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Tuesday, August 17, 2010 - 10.48 GMT

Sri Lanka, a model for humanitarian work – Defence Secretary


Sri Lanka is a model not only for the way it has conducted the military operation against the LTTE, but also the way it carries out humanitarian activities, stated Secretary of Defence, Gotabaya Rajapaksa.

He was speaking at the Public Sitting of the Lessons Learnt and Reconciliation Commission (LLRC) at the Kadirgamar Institute today (17 August).

Parallel to the military plan, we had a plan for humanitarian assistance. The majority of humanitarian work was done by the three forces, he stated, adding that these activities were transparent.

‘President Mahinda Rajapaksa, at the very outset, stated that this is not a military campaign but an operation conducted to liberate the people in the Northern areas. Thus, it was called the ‘Humanitarian Operation’’, the Secretary Defence pointed out.

He stressed that this message was conveyed to the forces and that they were required to remember it at all times and added that the military received much praise internationally especially from the ICRC. The Head of ICRC has stated that Sri Lanka's military was evidence that 'soldiering was a noble task'.

He also stated that the Government was aware of an emerging humanitarian situation and took many measures to address it. The establishment of the Consultative Committee on Humanitarian Assistance (CCHA) was one such measure.

The Secretary Defence explained that this Committee represented all stakeholders from the government side as well as heads of NGOs, Ambassadors from various countries, heads of UN agencies such as the UNHCR, WFP, UNICEF and ICRC etc., to ensure that the people affected by the operations were provided with all necessary aid such as food, healthcare and water.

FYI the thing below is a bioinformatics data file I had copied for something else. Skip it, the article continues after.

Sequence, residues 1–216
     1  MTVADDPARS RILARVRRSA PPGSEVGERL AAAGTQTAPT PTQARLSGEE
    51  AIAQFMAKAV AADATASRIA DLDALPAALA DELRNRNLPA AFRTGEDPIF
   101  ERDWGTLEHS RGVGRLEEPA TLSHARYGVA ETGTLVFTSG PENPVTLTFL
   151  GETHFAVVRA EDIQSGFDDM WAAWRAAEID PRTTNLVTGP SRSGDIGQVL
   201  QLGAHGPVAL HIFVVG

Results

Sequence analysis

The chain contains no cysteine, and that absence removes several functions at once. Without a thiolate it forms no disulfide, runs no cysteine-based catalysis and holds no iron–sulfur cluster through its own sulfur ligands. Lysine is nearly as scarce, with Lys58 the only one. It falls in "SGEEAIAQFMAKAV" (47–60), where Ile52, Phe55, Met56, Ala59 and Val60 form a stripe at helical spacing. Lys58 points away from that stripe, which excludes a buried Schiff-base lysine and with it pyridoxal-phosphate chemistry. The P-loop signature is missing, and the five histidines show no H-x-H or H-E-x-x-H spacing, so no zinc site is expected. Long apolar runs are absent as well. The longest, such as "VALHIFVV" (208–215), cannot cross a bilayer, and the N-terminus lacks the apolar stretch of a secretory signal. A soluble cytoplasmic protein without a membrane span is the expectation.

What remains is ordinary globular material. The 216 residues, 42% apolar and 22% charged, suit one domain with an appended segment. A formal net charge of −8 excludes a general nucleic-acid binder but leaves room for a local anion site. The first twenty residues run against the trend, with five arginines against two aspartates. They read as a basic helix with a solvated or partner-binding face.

‘It was a difficult period. The military had to stop its operations to allow aid convoys to pass through, risking attacks from the LTTE’, he said and added that they were indeed attacked and most of the time the LTTE used these aid packages without distributing it to civilians.

‘But we had to send these convoys as we believed at least some of it will reach the civilians’, he said.

The Secretary Defence also pointed out that No Fire Zones were established to avoid civilian casualties and that the LTTE used this opportunity to fire artillery on the military from there.

The Secretary Defence also pointed out that the three forces were well trained and provided knowledge in human rights and international humanitarian law. The Army has a special directorate called ‘Human Rights and Humanitarian Law’ and these cells operate at all levels. He added that the military took action against those who committed offences.







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Last modified: August 18, 2010.

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